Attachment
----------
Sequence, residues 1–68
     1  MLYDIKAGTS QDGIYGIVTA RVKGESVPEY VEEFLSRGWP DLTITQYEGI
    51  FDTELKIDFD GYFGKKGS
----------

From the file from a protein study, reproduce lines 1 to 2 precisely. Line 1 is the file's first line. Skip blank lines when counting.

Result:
Sequence, residues 1–68
     1  MLYDIKAGTS QDGIYGIVTA RVKGESVPEY VEEFLSRGWP DLTITQYEGI